Yet Ankara also remains committed to its many obligations within NATO and is eager to prove its utility to the transatlantic community as its recent attempts in Afghanistan showcase. This apparent paradox requires qualifying the challenge that Turkey poses to the EU. In the case of the Eastern Mediterranean crisis, for instance, Turkish foreign policy revealed the weaknesses, and perhaps also the confusion, among Member States about what a common European foreign policy should entail in terms of priorities, interests, and threat perceptions. In turn, Ankara’s foreign policy also reflects its own multiple vulnerabilities.
Turkey is better defined as a disruptive force than a power that is diplomatically capable to shape. Its rapprochement efforts with the US, the EU, Egypt, Israel, and Saudi Arabia since Biden’s election manifest the hard limits in its confrontational foreign policy that is an amalgamation of at times incoherent tactical moves responding to conjunctural changes.
Yet Ankara’s incapacity to develop a coherent foreign policy strategy in line with the country’s economic realities is not an isolated incidence. Instead, it reflects the political cacophony undergirded by a weakening institutional capacity and worsening elite incoherence. Together with a current account deficit of 36.7 billion USD in 2020 and a short-term external debt stock of around 121.7 billion USD in June 2021, fragmentation of power within the state makes Ankara fragile. Such fragility weakens Turkey’s bargaining power in its competition with Member States such as France, Greece, and Cyprus, and thus might as well be perceived as an opportunity. Yet the larger security challenge posed by this fragility to the EU should not be overlooked. Possible spillover effects of an economic collapse or a turbulent political transition in Turkey are one such risk.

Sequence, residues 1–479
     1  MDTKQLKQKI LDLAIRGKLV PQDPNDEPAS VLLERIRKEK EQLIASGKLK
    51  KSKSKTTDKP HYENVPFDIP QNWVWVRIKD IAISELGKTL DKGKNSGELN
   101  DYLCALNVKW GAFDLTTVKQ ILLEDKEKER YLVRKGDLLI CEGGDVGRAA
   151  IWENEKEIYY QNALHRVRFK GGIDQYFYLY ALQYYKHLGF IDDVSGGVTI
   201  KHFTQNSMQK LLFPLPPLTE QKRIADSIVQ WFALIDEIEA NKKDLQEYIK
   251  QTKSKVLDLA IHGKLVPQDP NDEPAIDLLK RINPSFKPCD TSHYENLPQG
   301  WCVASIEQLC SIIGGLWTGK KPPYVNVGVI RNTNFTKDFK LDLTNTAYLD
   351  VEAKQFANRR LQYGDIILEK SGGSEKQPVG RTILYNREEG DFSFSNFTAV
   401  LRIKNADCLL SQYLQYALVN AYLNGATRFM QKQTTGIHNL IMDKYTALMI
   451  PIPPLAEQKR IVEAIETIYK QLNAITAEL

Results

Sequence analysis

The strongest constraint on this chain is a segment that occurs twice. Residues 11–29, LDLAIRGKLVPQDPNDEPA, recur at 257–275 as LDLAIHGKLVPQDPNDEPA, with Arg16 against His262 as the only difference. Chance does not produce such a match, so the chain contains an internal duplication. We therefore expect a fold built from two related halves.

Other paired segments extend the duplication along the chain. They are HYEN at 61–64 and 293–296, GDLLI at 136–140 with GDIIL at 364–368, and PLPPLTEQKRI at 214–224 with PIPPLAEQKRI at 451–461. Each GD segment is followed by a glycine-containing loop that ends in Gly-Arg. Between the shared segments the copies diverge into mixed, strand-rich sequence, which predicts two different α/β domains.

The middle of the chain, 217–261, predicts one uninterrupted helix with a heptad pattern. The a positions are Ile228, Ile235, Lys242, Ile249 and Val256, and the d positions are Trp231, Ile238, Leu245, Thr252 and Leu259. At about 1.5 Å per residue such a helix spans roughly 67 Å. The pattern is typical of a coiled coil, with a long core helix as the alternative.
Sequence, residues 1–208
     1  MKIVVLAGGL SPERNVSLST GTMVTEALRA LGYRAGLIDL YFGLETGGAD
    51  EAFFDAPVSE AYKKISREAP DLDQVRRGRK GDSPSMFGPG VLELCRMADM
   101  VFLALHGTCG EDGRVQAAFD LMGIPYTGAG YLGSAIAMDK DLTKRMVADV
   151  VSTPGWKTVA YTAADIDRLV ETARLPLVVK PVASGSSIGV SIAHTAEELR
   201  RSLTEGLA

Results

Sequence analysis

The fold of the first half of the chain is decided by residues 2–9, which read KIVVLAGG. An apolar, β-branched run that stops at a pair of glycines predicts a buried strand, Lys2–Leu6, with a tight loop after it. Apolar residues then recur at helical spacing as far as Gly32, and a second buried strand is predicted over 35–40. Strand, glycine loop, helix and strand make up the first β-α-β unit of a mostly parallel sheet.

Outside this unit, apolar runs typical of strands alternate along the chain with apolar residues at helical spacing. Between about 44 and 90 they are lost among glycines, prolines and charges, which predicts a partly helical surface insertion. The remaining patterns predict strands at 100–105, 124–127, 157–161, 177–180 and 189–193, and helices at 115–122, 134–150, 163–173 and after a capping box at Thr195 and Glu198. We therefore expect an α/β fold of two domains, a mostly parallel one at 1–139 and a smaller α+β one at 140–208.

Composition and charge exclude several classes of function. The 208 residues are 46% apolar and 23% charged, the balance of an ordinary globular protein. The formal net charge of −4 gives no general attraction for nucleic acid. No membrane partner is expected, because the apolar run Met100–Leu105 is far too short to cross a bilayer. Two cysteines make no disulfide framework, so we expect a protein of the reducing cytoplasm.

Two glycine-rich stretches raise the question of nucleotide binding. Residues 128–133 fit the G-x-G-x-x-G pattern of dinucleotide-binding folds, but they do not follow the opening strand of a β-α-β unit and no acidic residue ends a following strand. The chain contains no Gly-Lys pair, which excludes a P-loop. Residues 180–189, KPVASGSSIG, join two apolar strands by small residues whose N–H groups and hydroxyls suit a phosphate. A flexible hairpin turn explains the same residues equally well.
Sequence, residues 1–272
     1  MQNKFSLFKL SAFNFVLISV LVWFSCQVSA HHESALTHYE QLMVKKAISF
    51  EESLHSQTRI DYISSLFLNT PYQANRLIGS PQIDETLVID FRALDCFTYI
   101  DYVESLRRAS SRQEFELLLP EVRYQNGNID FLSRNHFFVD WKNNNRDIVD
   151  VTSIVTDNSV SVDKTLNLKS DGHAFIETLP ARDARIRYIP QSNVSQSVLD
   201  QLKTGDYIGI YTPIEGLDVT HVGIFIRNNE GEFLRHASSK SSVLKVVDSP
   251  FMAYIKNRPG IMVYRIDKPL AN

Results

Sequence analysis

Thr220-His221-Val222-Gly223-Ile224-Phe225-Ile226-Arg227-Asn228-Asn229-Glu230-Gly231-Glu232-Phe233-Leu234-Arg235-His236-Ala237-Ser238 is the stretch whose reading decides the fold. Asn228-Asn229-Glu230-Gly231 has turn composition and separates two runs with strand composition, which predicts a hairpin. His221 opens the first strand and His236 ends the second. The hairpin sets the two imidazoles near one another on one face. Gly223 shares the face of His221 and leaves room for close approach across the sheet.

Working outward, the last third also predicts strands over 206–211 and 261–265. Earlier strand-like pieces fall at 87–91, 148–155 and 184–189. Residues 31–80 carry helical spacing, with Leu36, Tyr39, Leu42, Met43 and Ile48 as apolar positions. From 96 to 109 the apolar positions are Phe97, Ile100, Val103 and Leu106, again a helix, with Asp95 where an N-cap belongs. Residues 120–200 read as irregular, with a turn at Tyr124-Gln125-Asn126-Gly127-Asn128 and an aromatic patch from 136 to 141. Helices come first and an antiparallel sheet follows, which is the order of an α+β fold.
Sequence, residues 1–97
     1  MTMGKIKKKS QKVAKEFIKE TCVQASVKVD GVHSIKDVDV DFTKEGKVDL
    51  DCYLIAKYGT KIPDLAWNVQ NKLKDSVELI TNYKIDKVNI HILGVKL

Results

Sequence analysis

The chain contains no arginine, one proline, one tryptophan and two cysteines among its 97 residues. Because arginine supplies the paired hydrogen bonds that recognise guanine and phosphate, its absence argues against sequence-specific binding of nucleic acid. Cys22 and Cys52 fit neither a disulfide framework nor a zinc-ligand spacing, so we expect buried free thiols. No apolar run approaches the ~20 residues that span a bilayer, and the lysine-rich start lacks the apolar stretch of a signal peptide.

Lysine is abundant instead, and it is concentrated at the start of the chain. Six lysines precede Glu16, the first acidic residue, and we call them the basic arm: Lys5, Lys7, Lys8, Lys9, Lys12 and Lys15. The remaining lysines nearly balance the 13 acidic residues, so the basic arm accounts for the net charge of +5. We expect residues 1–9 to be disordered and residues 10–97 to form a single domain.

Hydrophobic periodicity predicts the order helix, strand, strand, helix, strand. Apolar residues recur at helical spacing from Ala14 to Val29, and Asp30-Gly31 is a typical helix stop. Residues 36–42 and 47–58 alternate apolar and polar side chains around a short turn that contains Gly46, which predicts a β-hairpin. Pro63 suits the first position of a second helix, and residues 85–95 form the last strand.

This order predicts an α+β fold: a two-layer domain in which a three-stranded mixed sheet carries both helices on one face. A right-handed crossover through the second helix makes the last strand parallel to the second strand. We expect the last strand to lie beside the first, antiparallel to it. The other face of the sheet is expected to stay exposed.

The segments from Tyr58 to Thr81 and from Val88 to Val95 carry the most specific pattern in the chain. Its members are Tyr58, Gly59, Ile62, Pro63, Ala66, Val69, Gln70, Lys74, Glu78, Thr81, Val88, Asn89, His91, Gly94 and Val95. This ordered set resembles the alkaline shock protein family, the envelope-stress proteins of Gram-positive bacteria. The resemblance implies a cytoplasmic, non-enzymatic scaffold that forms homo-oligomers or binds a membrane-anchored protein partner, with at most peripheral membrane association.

Three Pillars of an Effective Franco-German Approach to Turkey
This situation requires an audacious but balanced Franco-German approach to EU-Turkey relations. Three points need to be emphasized. The first is that neither bilateral tensions nor bilateral interests should determine policy-making at the EU level. It is imperative that France and Germany coordinate their policies better to maintain a careful balancing act between confronting Turkish unilateralism and strengthening areas of cooperation. This means that the EU should raise the costs of unilateralism in foreign policy for Ankara and insist that Turkey abide by international law.
Secondly, effective Franco-German cooperation should also consider arms production and sales. Developments in the Turkish defense industry play a key role in Ankara’s increasing deployment of hard power in the last couple of years. According to Turkish officials, almost 70 percent of the defense industry today is home grown. Whether, and if so, how to prevent middle income countries from increasing their military capabilities is a point worth reflecting upon. Yet such a reflection would only be honest if it were accompanied by a parallel discussion about regulating high income countries’ own arms exports. Germany and France clearly have much to discuss here as they are both among the top five arms exporters worldwide.
Last, but not least, effective Franco-German cooperation towards Turkey should avoid rendering transactionalism the status quo in the EU’s relations with Turkey and ensure that a rules-based framework is maintained. Given the de facto termination of the accession negotiations, the EU does not have much leverage left over Turkey’s democratization. Moreover, even during the times when it did have leverage, accession negotiations were often constrained by bilateral conflicts. Still, the upholding of multilateral principles concerning human rights and rule of law matters. The EU should hold Turkey accountable when it comes to Ankara’s commitments—be it to the ECHR or the Council of Europe Conventions such as the Istanbul Convention. Calling Turkey out and raising the costs of unilateralism in breach of human rights norms are also necessary to set clear redlines for countries, within and outside the EU, that have a similar propensity to violate multilateral principles.